The emergence of the COVID-19 pandemic as a severe global public health issue has created significant ramifications, including the halting of business operations, economic disruption, the threat of a global recession, and logistical complexities. But it has been business unusual for the marine industry – and on the extreme end of unusual.
The pandemic caught the maritime industry off guard. As a result, many countries, including South Africa, had to temporally suspend some port operations, or take unprecedented measures against cruise ships and vessels approaching their ports. As part of the measures implemented in South Africa, many cruise ships have not been allowed to enter ports for embarkation and disembarkation. Of the 72 ports of entry in the country which are land, sea and airports; 35 have been shut down.
“The effects of COVID 19 will create a major ripple effect in the marine industry that will take a long time to recover, as the major sectors largely depend on this industry for the flow and supply of goods,” says Lwandile Mabuza, Managing Director of the Servest Marine division.
“This industry supports international trade, the economy, global value chains and human life, making it vulnerable to communicable diseases like COVID-19, as foreign people, cargo and documentation are integral to the exchange and trade processes.”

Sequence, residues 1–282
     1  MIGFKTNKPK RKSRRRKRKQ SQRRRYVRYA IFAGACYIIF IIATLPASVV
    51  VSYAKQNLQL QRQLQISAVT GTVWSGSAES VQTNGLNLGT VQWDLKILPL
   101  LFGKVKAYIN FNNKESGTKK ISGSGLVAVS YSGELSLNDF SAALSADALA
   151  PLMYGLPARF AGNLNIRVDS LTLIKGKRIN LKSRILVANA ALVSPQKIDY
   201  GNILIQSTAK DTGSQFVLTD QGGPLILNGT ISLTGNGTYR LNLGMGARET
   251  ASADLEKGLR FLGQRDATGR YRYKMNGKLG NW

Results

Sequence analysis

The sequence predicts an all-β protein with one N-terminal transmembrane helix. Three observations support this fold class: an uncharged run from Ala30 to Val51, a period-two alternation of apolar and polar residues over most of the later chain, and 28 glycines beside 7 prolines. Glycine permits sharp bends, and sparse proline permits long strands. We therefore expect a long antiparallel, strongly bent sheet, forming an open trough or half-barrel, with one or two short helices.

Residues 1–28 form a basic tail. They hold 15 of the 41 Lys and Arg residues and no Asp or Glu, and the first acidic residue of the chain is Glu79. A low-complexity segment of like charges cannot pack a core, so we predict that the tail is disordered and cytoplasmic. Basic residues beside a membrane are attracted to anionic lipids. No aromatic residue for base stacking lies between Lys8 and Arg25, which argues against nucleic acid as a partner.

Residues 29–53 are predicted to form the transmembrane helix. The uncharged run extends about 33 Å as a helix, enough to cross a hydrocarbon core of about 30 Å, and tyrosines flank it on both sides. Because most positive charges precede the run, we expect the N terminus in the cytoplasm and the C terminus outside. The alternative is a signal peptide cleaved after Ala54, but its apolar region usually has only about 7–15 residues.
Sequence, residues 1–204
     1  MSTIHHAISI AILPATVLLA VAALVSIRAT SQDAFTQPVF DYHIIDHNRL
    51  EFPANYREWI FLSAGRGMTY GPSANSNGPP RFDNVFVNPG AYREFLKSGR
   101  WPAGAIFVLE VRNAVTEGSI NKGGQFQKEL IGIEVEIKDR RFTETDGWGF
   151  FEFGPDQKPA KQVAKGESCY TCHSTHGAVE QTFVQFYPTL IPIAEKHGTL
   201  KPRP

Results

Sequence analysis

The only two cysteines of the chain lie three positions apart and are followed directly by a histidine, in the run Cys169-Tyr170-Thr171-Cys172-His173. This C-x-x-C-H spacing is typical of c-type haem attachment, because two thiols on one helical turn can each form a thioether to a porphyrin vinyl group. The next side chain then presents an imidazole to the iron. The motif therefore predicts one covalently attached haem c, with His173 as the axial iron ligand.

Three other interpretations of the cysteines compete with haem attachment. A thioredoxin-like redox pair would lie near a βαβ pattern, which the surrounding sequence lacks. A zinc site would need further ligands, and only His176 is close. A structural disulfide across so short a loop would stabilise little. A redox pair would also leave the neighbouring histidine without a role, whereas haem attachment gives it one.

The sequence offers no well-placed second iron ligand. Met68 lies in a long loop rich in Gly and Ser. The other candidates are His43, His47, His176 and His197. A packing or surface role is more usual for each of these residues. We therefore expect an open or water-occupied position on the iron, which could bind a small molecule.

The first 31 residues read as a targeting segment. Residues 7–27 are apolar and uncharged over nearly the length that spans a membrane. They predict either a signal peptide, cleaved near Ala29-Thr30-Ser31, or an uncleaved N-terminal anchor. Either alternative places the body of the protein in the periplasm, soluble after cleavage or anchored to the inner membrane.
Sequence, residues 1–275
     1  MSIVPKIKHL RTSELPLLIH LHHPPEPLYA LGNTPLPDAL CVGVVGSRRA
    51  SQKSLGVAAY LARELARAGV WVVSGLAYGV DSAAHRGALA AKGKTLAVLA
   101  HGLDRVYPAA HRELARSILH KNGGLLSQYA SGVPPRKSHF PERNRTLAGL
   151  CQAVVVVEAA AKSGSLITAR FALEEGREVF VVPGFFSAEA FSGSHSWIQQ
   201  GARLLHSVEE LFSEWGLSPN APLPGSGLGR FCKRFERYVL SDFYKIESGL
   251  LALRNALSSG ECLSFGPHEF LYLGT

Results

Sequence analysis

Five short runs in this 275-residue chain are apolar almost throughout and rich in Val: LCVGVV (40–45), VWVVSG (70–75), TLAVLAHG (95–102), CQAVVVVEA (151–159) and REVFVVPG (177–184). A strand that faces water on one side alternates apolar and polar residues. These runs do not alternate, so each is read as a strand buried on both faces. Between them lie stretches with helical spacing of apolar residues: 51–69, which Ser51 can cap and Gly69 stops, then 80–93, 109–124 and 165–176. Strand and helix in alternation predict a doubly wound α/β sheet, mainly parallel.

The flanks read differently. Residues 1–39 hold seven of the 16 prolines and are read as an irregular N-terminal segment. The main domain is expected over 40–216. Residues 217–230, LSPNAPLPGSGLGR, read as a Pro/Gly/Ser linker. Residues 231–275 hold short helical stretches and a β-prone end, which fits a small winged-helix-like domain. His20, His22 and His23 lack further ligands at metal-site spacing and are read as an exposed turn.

Mabuza notes that the short-term effects of the COVID-19 pandemic will be largely seen on the commercial side of the marine industry, where the ban of passenger vessels from ports has brought the cruise season to a premature halt.
“There has also been a ban of crew changes in the ports, resulting in the crew working longer periods, a lockdown on some mineral bulk and general cargo operations, which will result in high demand for services and congestion post lockdown. Whilst the transfer services between the airport and the seaports have ceased; the transfer for essential services to the port will continue to operate.
Without a doubt, the impact of COVID-19 on the marine sector has been devasting. In due course, its impact will be measured to fully assess its effects.
“The lasting long-term effects will be the impact on the economies that rely on trade for production, sustenance and employment. We expect higher levels of demand for goods and services, and the limited supply side may result in price shocks and inflation, while business performance will be impacted by the foregone income and inability to produce and trade, which may affect jobs down the line,” explains Mabuza.
Though a hard pill to swallow, initially Servest welcomed the ban of the operations with high levels of exposure such as crew changes and passenger transfers, which involve close interaction between people arriving from foreign countries and the local people. The health of colleagues in the marine sector is crucial. Servest has implemented increased standards of protective measures, which includes wearing full PPE, sanitising operating equipment, cargo, vehicles, and using technology instead of physical exchange of documentation to reduce the risk of the spread of COVID 19,” explains Mabuza.